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David MacLeod

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Engagement key to success – tips from David MacLeod


Improve employee engagement levels, communicate more effectively within the business and help your organisation stand out, all in just in a few weeks – according to David MacLeod, small changes now can make a big difference in 2010. The co-author of ‘Engaging for Success’ gives his tips on leading your organisation into the next decade.

At the dawn of a new decade, with the economy showing early signs of improvement, it feels like a time for new beginnings. Business leaders across the country are mapping out plans for 2010 and looking to start the New Year on a positive note.

But as businesses regroup, HR and management teams need to think about the connection they have with their people – and how it could be improved. Everyone knows that the last 12 months have been a difficult and uncertain time for employees. The question is – are your people prepared and motivated for the new challenges which 2010 will bring?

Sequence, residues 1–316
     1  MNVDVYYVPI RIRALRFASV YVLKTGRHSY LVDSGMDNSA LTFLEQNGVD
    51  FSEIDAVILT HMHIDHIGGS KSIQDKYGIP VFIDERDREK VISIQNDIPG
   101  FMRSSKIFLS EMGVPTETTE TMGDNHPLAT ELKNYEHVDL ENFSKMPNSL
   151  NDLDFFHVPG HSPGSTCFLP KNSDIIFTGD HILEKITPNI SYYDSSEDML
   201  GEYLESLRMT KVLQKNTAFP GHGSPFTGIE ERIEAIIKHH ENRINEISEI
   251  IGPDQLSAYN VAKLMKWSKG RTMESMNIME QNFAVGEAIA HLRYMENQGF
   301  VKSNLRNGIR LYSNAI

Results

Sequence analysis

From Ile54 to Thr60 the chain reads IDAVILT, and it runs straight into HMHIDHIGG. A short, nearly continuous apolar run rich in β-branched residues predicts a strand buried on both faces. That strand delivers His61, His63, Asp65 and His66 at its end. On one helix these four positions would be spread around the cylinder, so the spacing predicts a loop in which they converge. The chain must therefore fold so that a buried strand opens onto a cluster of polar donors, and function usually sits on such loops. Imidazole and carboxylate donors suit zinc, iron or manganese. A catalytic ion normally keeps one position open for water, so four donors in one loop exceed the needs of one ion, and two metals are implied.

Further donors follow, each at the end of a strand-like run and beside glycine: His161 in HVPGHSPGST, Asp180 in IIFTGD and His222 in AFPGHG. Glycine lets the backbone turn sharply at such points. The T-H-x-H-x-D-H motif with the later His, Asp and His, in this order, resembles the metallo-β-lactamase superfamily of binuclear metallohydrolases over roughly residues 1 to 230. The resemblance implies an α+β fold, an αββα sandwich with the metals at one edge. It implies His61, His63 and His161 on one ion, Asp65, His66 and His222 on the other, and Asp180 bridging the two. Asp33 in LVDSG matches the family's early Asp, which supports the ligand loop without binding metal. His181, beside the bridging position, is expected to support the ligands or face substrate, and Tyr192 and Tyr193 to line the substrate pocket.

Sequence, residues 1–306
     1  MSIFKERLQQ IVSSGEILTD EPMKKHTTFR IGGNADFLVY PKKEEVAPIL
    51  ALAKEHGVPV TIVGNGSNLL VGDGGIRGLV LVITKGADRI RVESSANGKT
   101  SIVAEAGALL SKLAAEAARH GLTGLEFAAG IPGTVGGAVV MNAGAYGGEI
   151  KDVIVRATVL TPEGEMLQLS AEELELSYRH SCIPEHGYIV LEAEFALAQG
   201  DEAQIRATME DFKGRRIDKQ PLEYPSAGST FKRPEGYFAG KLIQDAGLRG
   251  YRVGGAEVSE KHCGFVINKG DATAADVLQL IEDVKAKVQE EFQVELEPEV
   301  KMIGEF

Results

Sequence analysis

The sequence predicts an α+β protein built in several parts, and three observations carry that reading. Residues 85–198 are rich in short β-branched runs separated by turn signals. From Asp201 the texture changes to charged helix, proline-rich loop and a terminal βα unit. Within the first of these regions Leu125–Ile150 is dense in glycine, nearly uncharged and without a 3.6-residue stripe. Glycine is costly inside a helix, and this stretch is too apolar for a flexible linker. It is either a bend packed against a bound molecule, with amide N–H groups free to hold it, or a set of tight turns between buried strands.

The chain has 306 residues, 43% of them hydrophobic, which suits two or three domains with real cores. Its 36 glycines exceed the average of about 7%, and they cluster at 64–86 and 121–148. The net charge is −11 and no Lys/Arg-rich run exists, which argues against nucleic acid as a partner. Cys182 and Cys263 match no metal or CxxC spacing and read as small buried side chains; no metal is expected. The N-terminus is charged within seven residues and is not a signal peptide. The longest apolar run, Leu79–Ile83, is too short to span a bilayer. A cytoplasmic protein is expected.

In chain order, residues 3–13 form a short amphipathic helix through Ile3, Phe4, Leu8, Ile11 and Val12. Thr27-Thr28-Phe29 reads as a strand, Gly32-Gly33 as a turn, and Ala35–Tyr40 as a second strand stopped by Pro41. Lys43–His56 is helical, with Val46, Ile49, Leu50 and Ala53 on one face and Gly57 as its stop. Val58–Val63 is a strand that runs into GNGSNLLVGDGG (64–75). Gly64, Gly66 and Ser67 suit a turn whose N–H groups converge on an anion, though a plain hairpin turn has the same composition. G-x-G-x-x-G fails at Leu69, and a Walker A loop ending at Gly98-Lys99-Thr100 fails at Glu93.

Earlier this year Nita Clarke and I wrote an independent report for Government called ‘Engaging for Success’. The findings presented a compelling case for employee engagement as a route to business success: through more informed, involved and supported employees willing to give extra input and effort to their company, driving up business performance as a result. For example, according to IES and the Work Foundation, if organisations increased investment in a range of good workplace practices which relate to engagement by just 10%, they would increase profits by up to £1,500 per employee per year.

The best news is that there are some very simple steps that any business can take over the next few weeks to help ensure there is greater commitment and motivation, putting them in better shape to welcome in the New Year.

Analyse your own behaviour
As a leader or manager, the way you behave will have a real impact on whether others are committed and eager to play their part in improving the business. Do you communicate with them regularly about the business? Do you seek their views and feedback? If not, simply taking these steps will help you strengthen relationships with your people.